Anne Sofie von Otter/Bengt Forsberg/Pekka Kuusisto - Queen Elizabeth Hall, 27 October 2007
I might have got more out of this Korngold-special evening if the Southbank Centre had managed to print enough programmes to go round (no excuse for it, the hall was only half full). Not something I'd usually moan about, but with mostly obscure work on offer, it would have helped a lot.
But at least pianist Bengt Forsberg provided a useful bit of introduction to Anne Sofie von Otter's opening songs. A selection from Korngold's contemporaries, bookended with a couple from his child prodigy period, they included Karg-Elert's take on Rückert's Du Bist die Ruh (inevitably not a patch on Schubert) and Sommertage from Berg's Sieben frühe Lieder.
Anne Sofie was elegant in a black velvet top with floor-sweeping burgundy taffeta skirt - shoes invisible - fluffy bunny slippers perhaps? Her polished silvery tone certainly sounded comfortable and assured, though with a tentative edge to her high notes that suggested she was saving herself for something that never came.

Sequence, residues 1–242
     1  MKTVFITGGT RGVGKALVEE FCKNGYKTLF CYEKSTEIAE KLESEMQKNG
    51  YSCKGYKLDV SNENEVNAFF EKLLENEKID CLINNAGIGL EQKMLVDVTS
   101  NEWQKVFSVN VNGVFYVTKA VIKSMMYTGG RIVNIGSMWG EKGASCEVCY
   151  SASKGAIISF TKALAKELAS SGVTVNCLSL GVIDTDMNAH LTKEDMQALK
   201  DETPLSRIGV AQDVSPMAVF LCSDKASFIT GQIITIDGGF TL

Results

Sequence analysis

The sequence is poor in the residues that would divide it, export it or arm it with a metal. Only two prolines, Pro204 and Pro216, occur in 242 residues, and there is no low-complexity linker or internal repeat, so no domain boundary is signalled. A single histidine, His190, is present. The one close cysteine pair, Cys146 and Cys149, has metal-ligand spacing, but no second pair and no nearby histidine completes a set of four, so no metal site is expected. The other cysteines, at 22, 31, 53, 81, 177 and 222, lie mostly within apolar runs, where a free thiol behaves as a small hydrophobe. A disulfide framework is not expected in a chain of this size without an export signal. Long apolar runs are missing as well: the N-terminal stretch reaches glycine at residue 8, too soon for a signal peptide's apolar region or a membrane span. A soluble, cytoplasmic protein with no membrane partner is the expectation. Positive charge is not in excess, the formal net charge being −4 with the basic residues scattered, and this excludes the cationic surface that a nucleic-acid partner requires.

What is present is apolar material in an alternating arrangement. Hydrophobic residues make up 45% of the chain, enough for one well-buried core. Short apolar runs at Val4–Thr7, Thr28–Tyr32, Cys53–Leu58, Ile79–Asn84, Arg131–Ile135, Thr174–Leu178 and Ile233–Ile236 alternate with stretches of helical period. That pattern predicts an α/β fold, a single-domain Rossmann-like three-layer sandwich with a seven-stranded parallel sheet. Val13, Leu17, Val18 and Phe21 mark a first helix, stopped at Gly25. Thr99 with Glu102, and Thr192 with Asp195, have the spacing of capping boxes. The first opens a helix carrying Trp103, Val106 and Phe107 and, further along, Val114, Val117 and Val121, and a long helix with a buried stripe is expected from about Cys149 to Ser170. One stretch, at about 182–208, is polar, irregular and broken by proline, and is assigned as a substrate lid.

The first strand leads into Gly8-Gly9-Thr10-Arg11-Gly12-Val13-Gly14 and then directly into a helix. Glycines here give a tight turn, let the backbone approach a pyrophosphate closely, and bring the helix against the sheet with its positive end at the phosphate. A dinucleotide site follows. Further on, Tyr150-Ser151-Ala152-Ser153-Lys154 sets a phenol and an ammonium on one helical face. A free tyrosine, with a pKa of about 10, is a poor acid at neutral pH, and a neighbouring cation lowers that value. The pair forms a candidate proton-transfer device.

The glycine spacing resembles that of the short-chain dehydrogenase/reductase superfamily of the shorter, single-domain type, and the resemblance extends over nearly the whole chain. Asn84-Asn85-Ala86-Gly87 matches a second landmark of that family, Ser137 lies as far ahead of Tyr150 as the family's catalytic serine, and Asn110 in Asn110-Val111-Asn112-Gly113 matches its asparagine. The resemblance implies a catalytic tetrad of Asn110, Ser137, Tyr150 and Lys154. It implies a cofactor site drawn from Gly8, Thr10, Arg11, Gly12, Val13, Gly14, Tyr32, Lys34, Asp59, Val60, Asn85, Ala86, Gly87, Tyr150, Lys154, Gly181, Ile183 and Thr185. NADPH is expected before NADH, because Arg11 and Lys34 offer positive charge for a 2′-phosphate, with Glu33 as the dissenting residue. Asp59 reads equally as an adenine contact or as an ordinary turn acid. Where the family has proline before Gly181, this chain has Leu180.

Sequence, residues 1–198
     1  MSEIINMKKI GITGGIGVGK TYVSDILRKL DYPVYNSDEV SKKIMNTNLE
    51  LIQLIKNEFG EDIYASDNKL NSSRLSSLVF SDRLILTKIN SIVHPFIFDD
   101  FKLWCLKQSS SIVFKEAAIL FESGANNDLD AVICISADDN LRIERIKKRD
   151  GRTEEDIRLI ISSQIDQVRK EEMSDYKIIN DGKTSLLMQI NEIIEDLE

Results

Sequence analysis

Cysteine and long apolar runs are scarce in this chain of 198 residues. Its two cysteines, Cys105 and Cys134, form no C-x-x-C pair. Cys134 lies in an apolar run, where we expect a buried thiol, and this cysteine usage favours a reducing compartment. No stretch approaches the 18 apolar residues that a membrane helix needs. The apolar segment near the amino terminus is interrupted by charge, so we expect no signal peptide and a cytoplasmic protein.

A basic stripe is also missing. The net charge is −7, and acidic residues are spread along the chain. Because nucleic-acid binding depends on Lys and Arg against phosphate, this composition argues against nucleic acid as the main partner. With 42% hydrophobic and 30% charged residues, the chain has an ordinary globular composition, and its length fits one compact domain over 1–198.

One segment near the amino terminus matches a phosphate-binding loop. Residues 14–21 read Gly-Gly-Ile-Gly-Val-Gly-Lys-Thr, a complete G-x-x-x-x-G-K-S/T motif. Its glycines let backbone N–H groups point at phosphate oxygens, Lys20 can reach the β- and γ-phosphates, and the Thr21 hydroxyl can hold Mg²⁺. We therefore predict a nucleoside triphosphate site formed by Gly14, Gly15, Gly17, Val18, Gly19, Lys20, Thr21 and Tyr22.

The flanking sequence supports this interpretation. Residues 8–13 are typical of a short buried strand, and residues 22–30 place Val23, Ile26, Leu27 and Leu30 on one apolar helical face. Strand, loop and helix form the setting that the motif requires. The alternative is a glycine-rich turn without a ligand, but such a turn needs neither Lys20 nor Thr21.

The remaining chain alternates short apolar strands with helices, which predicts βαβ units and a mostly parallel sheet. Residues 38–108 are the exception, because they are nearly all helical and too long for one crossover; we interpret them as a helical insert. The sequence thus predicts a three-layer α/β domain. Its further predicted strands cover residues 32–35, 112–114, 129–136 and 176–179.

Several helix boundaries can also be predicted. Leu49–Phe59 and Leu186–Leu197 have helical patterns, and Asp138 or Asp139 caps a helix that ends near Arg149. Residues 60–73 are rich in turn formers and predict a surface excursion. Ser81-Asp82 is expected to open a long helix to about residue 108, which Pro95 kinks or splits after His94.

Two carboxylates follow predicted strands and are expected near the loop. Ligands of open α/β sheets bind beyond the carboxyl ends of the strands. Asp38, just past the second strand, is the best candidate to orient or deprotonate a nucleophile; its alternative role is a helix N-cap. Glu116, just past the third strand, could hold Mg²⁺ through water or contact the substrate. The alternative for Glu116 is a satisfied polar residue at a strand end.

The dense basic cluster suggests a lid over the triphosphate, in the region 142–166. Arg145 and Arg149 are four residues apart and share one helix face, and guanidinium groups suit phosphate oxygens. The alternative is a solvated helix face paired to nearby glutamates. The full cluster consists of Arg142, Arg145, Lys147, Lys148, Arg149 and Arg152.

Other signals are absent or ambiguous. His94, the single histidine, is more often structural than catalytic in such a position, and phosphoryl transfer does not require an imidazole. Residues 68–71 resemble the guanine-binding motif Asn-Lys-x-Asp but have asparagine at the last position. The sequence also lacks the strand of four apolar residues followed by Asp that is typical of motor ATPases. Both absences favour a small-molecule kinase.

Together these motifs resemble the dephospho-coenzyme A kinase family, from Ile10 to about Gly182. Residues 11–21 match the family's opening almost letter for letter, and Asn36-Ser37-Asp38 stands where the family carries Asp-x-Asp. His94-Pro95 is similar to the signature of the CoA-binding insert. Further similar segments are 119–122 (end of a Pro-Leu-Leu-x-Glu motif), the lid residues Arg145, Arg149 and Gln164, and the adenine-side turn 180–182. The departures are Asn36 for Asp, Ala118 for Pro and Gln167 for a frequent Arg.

Then it was the turn of Bengt Forsberg and Pekka Kuusisto (a pixie Nigel Kennedy in a sparkly-sleeved shirt) to tackle Korngold's Violin Sonata. This failed to grab me until the final movement, a set of variations on one of the songs Anne Sofie von Otter had sung earlier. Kuusisto was relaxed to the point of nonchalance, and some bowing and intonation errors suggested he wasn't 100% focussed.
After the interval came more Korngold songs, some of them Shakespeare settings. Korngold's folksy cadences flavour these quite differently from the German songs. Anne Sofie von Otter popped a few estuary vowels on top as she played to her comedic strengths in the last one, For the Rain it raineth every Day - or the Rhine it Rhineth as she had it.
In between the songs came another violin/piano piece, a suite from Korngold's incidental music for Much Ado About Nothing. And, almost upstaging teh Otter, one of the highlights of the night, Bengt Forsberg's storming Interlude from Das Wunder der Heliane.
Otter fought back, scorching through her intoxicating closer, Glück, das mir verblieb (Marietta's song) from Die tote Stadt. It's one of her specialities (scroll down for a vid of a 2000 performance), and it held the whole hall gripped.
Maybe too much was jammed into the two and half hour programme, but it was an intriguing glimpse of this underexposed composer.
Anne Sofie von Otter performs Glück, das mir verblieb live at the Théâtre Musical De Paris - Châtelet in 2000: